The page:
£10 per hour isn't pie in the sky - Bakers Food and Allied Workers Union
The minimum wage should be increased to £10 per hour so that working people do not have to be supported with benefits, says the Bakers Food and Allied Workers Union (BFAWU).
It wants the practice employed by large corporations to cut pay and force workers to rely on state handouts to be brought to an end.
By making work pay and providing a living wage, five million people would be lifted out of poverty and the ballooning benefit bill would be reduced, says the union.
The money saved could then be diverted to help fund the NHS and improve communities.
BFAWU is launching a new animated video to help spread the message that £10 per hour is not pie in the sky. Part of the Fast Food Rights campaign, the video will be launched at a rally in Newcastle on February 19th 2015. Supporters are being encouraged to share the animation using the hashtag #hungryforjustice.
Low pay makes daily life a struggle for millions of people across the UK.
Over recent years living costs have soared while average wages have failed to keep up.
In the past ten years alone, energy costs have risen eight times higher than earnings (1) forcing millions to choose between heating their homes or putting food on the table.
Housing costs have also soared. Average rents are now at an all time high (2) with the prospect of buying a home now an impossible dream for growing numbers of people.
With food prices also up 44% since 2005, growing numbers of people have been forced to rely on food banks. Almost a million people visited a food bank this year according to the Trussel Trust (3), with one in five of those who did, saying their pay packets simply weren't enough to cover their weekly shop.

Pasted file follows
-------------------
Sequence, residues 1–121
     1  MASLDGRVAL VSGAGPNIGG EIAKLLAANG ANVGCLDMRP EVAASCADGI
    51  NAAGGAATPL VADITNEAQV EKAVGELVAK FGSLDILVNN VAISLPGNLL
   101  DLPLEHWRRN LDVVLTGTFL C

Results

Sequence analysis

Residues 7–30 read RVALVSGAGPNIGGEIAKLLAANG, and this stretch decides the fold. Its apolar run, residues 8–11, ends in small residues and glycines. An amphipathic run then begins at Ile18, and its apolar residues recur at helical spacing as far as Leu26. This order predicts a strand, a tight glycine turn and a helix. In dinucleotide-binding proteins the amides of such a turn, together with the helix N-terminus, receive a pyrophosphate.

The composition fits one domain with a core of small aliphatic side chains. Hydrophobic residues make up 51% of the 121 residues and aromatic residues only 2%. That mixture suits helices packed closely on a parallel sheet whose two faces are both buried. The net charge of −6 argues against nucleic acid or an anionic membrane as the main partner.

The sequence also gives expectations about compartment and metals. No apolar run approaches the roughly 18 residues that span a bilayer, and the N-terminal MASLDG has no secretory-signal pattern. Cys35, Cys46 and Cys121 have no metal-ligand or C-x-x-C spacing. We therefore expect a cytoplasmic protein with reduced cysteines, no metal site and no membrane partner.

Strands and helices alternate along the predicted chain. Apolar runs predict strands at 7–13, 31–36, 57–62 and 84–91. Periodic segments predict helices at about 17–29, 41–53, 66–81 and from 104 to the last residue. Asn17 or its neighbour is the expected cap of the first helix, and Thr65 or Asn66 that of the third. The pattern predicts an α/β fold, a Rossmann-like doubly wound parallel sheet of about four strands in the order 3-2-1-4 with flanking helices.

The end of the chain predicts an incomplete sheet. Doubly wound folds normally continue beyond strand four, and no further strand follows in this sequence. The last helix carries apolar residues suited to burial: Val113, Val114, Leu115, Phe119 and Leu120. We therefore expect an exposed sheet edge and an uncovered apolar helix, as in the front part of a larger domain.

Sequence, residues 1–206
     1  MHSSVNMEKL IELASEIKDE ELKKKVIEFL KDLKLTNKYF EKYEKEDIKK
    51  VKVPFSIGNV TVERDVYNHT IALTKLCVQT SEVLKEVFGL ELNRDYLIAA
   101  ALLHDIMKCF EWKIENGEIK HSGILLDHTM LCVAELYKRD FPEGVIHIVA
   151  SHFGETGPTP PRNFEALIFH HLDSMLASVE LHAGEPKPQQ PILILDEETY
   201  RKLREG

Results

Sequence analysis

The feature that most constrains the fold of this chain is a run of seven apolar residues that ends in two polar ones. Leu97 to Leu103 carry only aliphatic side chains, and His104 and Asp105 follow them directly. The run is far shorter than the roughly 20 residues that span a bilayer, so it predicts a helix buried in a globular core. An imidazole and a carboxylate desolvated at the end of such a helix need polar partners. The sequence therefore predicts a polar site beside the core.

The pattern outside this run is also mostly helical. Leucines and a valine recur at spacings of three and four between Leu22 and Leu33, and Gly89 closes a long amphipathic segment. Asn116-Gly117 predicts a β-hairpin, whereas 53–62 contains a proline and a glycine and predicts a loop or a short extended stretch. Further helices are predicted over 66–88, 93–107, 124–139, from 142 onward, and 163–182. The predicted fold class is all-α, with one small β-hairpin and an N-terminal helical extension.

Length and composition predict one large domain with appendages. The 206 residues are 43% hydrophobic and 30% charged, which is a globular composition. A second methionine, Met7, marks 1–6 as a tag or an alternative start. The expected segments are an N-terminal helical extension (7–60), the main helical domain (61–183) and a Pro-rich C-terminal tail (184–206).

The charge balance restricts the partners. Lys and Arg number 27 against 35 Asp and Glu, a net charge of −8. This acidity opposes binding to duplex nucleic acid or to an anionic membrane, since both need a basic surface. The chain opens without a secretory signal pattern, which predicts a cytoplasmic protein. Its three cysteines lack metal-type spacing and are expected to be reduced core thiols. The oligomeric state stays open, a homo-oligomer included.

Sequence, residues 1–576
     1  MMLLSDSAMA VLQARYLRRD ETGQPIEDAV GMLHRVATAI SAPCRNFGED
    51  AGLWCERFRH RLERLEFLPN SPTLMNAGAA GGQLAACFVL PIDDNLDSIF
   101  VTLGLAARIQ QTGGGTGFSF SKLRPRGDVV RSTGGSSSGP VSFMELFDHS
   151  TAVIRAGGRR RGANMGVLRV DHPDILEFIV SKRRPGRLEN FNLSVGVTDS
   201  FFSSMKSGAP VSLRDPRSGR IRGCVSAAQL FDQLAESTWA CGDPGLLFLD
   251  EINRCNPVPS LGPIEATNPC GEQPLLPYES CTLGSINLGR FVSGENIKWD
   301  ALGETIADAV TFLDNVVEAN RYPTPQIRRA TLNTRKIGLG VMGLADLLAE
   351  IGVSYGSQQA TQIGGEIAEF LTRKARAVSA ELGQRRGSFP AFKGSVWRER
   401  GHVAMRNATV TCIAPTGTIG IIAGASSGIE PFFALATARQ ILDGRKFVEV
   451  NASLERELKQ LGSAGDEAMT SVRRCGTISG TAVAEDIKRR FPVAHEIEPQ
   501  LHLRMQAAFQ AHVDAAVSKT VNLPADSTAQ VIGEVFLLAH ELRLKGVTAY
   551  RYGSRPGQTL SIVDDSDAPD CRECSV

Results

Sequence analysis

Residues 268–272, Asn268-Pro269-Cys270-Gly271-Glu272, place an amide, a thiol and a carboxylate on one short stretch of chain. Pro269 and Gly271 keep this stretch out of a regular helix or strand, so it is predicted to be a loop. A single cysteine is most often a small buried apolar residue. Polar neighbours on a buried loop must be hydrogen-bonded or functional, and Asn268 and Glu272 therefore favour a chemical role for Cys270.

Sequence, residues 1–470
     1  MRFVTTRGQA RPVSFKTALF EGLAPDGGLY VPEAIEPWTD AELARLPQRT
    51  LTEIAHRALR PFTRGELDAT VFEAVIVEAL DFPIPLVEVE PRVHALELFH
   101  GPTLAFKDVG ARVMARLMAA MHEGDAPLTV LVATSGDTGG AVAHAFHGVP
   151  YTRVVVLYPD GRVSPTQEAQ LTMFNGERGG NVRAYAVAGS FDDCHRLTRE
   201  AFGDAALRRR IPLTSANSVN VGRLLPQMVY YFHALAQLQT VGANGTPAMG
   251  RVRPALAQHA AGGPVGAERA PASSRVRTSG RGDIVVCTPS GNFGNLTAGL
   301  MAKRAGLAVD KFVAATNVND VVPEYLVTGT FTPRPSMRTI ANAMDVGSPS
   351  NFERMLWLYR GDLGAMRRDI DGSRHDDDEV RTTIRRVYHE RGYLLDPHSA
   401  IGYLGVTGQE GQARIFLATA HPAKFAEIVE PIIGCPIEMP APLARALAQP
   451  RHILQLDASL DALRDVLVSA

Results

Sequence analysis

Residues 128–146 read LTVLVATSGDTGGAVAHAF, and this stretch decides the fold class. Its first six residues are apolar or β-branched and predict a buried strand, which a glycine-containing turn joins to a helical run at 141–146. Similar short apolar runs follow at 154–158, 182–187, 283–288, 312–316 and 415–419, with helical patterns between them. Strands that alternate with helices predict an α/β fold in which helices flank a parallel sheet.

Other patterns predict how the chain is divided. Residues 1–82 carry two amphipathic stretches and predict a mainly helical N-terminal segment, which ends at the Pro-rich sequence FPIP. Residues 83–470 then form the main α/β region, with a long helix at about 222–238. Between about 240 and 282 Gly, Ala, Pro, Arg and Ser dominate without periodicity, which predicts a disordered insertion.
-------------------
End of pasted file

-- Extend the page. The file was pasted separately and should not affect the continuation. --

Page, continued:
Even just getting to work has become a struggle for many. Rising fuel costs and government cuts to public transport subsidies means that on average around one in every eight pounds we now earn is spent on travel costs (4).
But while living costs have continued to stack up, our pay packets have not. Last year the average wage grew by just £1 a week (5).
This increasing failure by employers to pay their workers enough to live on has increasingly left taxpayers picking up the bill.
The government now spends around £3.6 billion a year topping up poverty wages through tax credits, with other in-work benefits also adding to the bill.
With further welfare cuts likely, the need to increase wages has never been greater.
If all employers paid their workers at least £10 an hour it would transform the lives of people right across the UK.
Commuters would no longer be forced to take long journeys to work, just to save on the cost of a train ticket.
Families would no longer be forced to resort to food banks just to feed their kids healthy, nutritious meals.
Employers would benefit from a more motivated workforce and the economy would benefit from millions of people with more money to spend.
Lifting people out of poverty by ensuring they earn a decent living wage isn’t pie in the sky.